DECATUR – A new name doesn't mean there are any different goals for the Lakeside Triathlon.
After a successful 10-year run as the Rodney T. Miller triathlon, named after the Illinois State Police officer who died in the line of duty in 2006, the race still carries the same ambitions – but will have a new look.
Because it no longer bears Miller's name, race director Gene Mueller and the board had to take stock of realistic expectations moving forward.
That brought about changes.
Gone is the elite wave of the race; the triathlon will only be split up in age groups in increments of five years, beginning with the 19-and-under group.
There will only be one distance, as opposed to a sprint and intermediate distance in the past. It's all part of increasing the longevity of the race in its second decade – and the first installment without the Miller name attached.
“We've kind of based our planning on maybe being down somewhat,” Mueller said of registered athletes. “At the same time, the changes we made to the race are changes we hoped would make it more sustainable over the long haul. We shortened the bike and shortened the run and we only have one distance this year. The main reasoning behind that was we realized we may not always get the support we enjoyed when Rodney's name was attached to it.”
The elite wave was the highlighted portion of the race that carried a purse prize of $3,500. However, in an effort to cut costs that wave – and the purse – was eliminated.
In the past, the goal for the elite was for the athletes to bring in additional athletes from their club or community.
Mueller said that was not always the case. The reality was athletes would be comped, or given free entry, and they wouldn't always bring others to the race.
For now, until the board determines the stability of the triathlon, that wave was a casualty.
“I'm not saying we'll never have elites again, but for this year anyway, until we know how sustainable we could make this event, we had to look at cost savings somewhere,” Mueller said. “That was a pretty safe bet right there.”
As far as the distances, the number of athletes signed up for the intermediate races was on a decline while the sprint races offered more of a constant stream of participants.
The intermediate division last year consisted of a 3/4 mile swim, 19-mile bike and 4.5-mile run. The super sprint division had a 400-yard swim, 19-mile bike and 3.1-mile run.
This year, the triathlon will be one distance: a 600-yard swim, 15-mile bike and 3.1-mile run.
“We're shortening the swim a little bit,” course coordinator Kyle May said. “The bike is only four miles shorter. It's going to have a similar vibe.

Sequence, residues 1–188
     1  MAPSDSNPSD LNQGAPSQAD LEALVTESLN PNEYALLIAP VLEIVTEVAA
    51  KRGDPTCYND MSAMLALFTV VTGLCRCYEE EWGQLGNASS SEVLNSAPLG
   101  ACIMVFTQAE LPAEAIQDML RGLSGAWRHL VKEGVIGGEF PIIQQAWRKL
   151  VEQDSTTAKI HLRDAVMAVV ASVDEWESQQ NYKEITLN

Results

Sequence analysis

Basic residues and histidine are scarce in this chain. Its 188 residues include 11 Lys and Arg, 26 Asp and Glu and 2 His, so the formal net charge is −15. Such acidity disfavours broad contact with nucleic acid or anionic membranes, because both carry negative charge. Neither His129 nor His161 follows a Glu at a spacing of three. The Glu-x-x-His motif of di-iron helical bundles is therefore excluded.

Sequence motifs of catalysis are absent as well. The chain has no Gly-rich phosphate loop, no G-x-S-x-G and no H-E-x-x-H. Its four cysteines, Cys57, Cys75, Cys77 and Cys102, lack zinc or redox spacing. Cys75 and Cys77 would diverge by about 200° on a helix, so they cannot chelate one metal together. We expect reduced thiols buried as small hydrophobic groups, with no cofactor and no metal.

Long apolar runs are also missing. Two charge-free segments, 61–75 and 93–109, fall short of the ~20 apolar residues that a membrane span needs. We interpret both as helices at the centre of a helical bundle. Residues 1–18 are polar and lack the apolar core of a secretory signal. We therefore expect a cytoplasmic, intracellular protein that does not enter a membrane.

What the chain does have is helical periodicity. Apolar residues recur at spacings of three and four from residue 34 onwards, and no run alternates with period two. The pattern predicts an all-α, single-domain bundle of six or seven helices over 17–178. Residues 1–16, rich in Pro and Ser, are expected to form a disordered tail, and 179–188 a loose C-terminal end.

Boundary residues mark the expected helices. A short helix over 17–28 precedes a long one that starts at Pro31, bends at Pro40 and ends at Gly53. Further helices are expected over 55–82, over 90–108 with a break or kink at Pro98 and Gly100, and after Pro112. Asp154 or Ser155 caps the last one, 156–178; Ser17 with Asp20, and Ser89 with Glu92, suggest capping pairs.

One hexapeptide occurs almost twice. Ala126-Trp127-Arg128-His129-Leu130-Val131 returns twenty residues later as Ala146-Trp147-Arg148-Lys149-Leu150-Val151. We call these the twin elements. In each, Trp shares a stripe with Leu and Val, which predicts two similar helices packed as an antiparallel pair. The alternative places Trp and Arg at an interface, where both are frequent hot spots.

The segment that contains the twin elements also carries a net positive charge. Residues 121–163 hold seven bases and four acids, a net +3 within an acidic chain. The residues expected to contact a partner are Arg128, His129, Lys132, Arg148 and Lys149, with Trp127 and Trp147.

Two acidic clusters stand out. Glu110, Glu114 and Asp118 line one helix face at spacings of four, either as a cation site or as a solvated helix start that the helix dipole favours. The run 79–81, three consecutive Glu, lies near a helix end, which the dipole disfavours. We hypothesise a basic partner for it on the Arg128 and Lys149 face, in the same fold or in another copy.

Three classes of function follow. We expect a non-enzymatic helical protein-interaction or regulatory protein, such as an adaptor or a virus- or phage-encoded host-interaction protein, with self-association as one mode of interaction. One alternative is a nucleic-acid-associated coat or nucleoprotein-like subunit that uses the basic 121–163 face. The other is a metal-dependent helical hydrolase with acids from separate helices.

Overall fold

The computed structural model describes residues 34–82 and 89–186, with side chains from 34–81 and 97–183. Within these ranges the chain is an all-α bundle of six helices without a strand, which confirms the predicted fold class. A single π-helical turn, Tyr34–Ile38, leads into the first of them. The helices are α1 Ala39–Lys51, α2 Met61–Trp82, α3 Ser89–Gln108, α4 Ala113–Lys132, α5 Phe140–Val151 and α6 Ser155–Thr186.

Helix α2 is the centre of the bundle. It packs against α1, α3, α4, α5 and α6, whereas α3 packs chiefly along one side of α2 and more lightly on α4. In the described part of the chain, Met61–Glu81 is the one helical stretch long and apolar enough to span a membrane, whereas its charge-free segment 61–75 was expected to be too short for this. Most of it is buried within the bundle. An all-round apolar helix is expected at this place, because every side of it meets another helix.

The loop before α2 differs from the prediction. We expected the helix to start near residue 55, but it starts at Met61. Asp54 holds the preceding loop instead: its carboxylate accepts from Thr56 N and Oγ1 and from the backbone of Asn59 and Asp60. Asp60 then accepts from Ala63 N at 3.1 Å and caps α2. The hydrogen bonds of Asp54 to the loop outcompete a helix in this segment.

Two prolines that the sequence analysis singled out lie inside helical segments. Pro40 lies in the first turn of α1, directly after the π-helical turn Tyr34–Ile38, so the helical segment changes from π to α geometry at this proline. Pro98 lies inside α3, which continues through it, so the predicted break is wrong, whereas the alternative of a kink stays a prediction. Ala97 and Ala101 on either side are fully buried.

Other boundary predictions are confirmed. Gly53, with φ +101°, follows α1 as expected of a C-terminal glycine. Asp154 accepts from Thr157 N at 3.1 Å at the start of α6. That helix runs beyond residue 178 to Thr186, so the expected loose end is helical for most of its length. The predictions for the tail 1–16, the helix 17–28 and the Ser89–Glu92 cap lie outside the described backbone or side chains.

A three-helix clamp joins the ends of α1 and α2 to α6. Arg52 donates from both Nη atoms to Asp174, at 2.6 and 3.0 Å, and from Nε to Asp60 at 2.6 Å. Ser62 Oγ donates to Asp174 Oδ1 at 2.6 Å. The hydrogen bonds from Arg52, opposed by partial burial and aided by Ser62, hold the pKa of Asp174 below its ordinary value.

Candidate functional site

“The whole event's going to be a little cleaner.”
Relay teams and the duathlon will still be offered in addition to a new option: the USAT-sanctioned aquabike.
It kicks running to the curb with a 600-yard swim and 15-mile bike.
“The option for those who couldn't run or swim was always, 'Well, there's a relay or a duathlon.' If they want to compete as individuals and running was a problem for them, there really was no way for them to do that,” Mueller said. “This offers it.”
With more events, the hope is to increase the number of racers. As of July 7, there were 140 racers from more than 35 cities spread across six states.
The numbers have increased over the course of the past week and a half, giving Mueller and crew optimism for the race, but it was a concern early on.
Another concern is sponsors, which provided fincancial backing in previous years, dropping out.
This is the last year for big-name sponsor ADM, and St. Mary's Hospital has shifted to providing only medical coverage and not the finances of years past.
On the whole, sponsorship has been a challenge for the triathlon.
“They're telling folks they're kind of going more into food, health and that sort of thing,” Mueller said of potential sponsors. “It's just a change in their focus.
“It comes at a time where we're not quite a known entity yet; we are, but we aren't. It comes at a time where we've had to scramble a bit to make sure we provide a quality event yet.”
Any additional funds from the race still will be donated to the Rodney T. Miller Foundation. Organizers are hopeful to continue to donate to the foundation.
Though the event may not carry his name, and his wife Karla Miller bowed out after 10 years of organization, Mueller still believes the event carries the same feel.
“We know the race, formerly it was honoring Rodney Miller and his life, but we think we're still in a way honoring him because we're still supporting that foundation,” Mueller said.
“The feel is still, 'Come on out to Decatur'. This is one of the good things Decatur has going for it and we will show you a big Decatur welcome. … It's one of those things that I would hate to see Decatur lose.”